Is this copy just filler or is there a reason we have it down here? The year is 2019 and most marketers place video (like testimonials) at the top of their page. Are customers reporting 'getting respect' or 'the dangers of web surfing' as the prime factors for Firefox use? Firefox used to be #1 because of developer support and following web standards.

Like most apps, the user priority should be:

  • 1. Speed and responsiveness.
  • 2. Layout compatibility and lack of bugs.
  • 3. Plugin ecosystem, marketplace, and ease of use.

PART 2, Redesign:

New Firefox flat logo and icon.

More fire, more fox.

Here is a logo that retains the design and color of Firefox at its peak. Yet it simplifies and improves, a modern flat style with clarity paramount. Swag and likeability are important factors in retention and branding.

NOTE: smaller resized icons need darker outlines and sub-pixel detail to really tighten-up and pop (gradients are not necessary).

UX Redesign:

New UX sketch based off the logo

Logo-based sketch.

Now that the logo is done we can use it to sketch-in and formulate icons and components. It is rough, but this is just to begin the initial layout and blocked forms. Digital shading can be applied to both pop and highlight sections.

New UX featuring a apps in a modern, flat 2.0 UI.

From cluttered to clean.

Notice the subdued purple and oranges really knocking back the interface and unleashing the icons to pop with vibrance. A modern Flat 2.0 (or Flat+) interface is a flat style with depth indicators to separate out components and content (using a minimum of such cues). Here, both the main carousel, its active item, and the footer have depth cues.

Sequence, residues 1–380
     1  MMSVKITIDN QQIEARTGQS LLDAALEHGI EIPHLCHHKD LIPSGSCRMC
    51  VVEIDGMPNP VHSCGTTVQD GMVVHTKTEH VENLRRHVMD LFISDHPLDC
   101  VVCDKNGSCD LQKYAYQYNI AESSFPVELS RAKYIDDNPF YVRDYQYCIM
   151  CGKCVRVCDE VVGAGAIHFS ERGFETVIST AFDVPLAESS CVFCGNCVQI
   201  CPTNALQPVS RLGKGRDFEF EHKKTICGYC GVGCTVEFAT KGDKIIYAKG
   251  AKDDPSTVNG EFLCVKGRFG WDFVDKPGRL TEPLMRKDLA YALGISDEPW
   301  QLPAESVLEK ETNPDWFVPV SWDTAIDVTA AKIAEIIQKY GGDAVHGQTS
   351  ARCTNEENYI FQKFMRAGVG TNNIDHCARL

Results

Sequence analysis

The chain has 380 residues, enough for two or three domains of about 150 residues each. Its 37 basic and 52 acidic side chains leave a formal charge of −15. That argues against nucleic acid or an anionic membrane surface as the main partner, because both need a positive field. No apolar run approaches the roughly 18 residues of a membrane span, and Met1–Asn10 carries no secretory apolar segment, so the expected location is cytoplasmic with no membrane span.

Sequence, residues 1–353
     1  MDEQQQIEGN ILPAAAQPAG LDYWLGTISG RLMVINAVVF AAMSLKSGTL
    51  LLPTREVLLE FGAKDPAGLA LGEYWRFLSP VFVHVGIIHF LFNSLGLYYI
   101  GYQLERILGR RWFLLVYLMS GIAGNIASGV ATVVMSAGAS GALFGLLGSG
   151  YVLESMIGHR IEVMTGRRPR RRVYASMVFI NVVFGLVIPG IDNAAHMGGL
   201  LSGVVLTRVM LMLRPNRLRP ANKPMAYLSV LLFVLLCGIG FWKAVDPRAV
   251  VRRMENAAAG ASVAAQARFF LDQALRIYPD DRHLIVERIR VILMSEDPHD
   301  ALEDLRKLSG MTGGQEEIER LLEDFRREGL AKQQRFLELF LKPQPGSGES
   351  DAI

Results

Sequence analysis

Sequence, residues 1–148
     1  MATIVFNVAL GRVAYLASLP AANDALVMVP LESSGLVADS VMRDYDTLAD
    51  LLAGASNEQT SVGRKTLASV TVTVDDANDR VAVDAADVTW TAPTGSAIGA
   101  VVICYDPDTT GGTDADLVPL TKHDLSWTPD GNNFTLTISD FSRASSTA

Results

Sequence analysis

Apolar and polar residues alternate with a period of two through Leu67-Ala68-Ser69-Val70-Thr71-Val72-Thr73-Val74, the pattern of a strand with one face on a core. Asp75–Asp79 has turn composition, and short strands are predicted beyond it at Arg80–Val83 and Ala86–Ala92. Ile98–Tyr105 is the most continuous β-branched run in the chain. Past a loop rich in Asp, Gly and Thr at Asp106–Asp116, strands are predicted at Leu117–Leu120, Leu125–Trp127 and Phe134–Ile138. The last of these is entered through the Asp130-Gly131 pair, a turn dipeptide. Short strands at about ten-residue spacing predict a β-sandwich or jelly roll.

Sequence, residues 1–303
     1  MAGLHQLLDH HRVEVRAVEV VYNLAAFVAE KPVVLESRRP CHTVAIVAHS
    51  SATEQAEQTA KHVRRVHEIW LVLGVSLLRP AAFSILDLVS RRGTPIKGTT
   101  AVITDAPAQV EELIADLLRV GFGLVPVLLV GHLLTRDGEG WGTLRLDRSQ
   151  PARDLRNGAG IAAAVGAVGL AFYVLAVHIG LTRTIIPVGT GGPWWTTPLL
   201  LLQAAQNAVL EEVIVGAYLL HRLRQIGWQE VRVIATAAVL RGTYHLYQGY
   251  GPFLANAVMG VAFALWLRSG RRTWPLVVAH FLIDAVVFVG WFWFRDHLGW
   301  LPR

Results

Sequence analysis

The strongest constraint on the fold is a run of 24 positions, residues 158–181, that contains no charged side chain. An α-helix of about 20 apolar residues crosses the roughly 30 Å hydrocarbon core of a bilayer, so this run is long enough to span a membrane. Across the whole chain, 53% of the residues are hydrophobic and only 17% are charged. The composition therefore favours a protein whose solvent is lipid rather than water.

A flaming fox has instant appeal and is included in every icon, which solidifies branding while also establishing a professional yet personable experience. Plus, it is like the hyper-successful collectables from Pokémon or Hello Kitty. NOTE: some of these apps have been renamed to be more clear and unique.

Various models of the Firefox browser appear as codified palettes, following a new unified style guide instead of the previous mishmash of recolors and random alterations.

▼ Firefox sub-icons:

  • ☑⁡⁡ Mobile: a modern phone with no back button.
  • ☑⁡⁡ XR: an XR device with a slim form factor on a gender-neutral head.
  • ☑⁡⁡ Nightly: a moon with a puzzle piece missing.
  • ☑⁡⁡ Coder: a bug with a removal 'x' on it.

▼ App name changes:

  • ☑⁡⁡ Lockwise to Lockpass: the word sounds more like 'password' (also a pass for locks).
  • ☑⁡⁡ Protected Network to Secure-Fi: highlights the security feature, making it a much more relevant name.
  • ☑⁡⁡ Developer to Coder: a compact name similar to the popular IDE Visual Studio Code.
  • ☑⁡⁡ Reality to XR: covers evolving experiences without mislabelings or community uproars (see below).

AR, VR, MR, & XR:

This industry is rapidly expanding and growing. VR (Virtual Reality) and AR (Augmented Reality) are overlapping more and more. Still, many professionals and users still vocally demand distinction between various experiences and an aversion to buzz words or trendiness.

MR or Mixed Reality must include interacting with reality outside of an augmented overlay and audio. Like changing stage lights, turning on or off fans, scent stimulation, and robotics or mechatronic locomotion (such as a conveyor belt).

NOTE: XR or eXtended Reality (or even just X Reality) is the direct and proper way to refer to the umbrella of all these experiences.

Like this post? Read more from the ^UX topic.

       : NEWS